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State Superintendent Tony Thurmond visits Chula Vista schools

Impressed with social-emotional learning
Superintendent Tony Thurmond in Chula Vista.PNG
Posted at 3:35 PM, May 13, 2021
and last updated 2021-05-13 19:29:41-04

CHULA VISTA, Calif. (KGTV)-- The State Superintendent of Public Instruction, Tony Thurmond, flew from Sacramento to visit two elementary schools in Chula Vista Thursday. Thurmond praised the schools' whole-hearted approach to returning to in-person learning.

Students, staff, even the principal at Chula Vista's Castle Park Elementary were on their best behavior Thursday morning as they welcomed the State Superintendent of schools, Tony Thurmond.

"I've never seen students and staff happier to be back at school," Castle Park Elementary School Principal Monica Castillo said.

Despite being in one of the pandemic's hardest-hit areas in the region, students at Castle Park Elementary returned to in-person learning in April, following rigorous safety protocols for both physical and mental health.

"We also provide a safe place in the classroom for kids to give them that sense of belonging, to give them a place to express their feelings," Castillo said.

Aside from academic learning loss, many students in this area have experienced illness and the loss of family members. That is why they begin every day with a mindfulness exercise.

"That way they can prepare for learning and also be in the right mindset for being back in school, and being back with each other," Elizabeth Gianulis, Director of Multi-tiered system of supports at the Chula Vista Elementary School District, said.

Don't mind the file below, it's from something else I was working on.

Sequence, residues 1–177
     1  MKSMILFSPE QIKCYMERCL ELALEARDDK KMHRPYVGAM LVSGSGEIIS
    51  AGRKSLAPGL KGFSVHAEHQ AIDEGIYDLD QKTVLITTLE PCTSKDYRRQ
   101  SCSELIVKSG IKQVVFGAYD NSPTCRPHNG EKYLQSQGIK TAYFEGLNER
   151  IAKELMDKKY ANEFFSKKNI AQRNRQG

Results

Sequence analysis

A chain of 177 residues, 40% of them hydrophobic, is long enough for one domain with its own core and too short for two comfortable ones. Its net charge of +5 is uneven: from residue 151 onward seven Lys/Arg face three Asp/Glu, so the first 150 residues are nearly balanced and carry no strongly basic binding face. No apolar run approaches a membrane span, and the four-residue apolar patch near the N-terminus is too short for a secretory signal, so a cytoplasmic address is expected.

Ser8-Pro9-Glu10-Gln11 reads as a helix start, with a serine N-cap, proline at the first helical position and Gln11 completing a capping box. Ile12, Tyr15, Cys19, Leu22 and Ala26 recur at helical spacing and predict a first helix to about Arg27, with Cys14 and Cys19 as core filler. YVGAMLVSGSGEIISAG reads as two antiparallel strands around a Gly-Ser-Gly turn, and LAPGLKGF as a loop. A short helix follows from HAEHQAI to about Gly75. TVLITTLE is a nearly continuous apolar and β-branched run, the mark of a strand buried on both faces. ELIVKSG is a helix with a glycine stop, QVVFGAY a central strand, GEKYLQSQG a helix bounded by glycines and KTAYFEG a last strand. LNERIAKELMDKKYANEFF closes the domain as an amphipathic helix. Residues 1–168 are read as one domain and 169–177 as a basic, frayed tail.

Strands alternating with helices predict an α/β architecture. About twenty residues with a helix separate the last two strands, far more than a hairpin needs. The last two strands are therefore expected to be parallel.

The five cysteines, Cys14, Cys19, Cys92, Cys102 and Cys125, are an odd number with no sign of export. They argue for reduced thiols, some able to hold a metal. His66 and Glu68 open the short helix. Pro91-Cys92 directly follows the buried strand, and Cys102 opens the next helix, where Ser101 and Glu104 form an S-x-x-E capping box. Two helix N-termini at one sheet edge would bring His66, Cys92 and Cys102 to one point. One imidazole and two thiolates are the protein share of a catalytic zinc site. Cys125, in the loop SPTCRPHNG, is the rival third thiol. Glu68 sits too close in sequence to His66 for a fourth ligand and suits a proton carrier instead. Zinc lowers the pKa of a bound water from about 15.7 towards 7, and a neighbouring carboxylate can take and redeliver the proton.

Thurmond participated in the exercise and saw its effects on the children.

"What I have observed here today is what I think California and quite frankly, our nation needs in terms of how we help our students come back for in-person instruction," Thurmond said.

Thurmond said he is working with the Governor and legislators to allocate an additional $3 billion on state mental health programs for anyone under 25. He believed caring for the overall health of California students will make for a smoother transition into fall.

"What we must pay close attention to is their well-being. Students have been disconnected, and that's not how we are meant to live as human beings," Thurmond said.

Following his tour of Castle Park Elementary, Thurmond visited Joseph Casillas Elementary School.

Thurmond is also working with education leaders now on a plan to allow some structured remote learning in the summer and fall for families who are not quite ready to return to in-person instruction.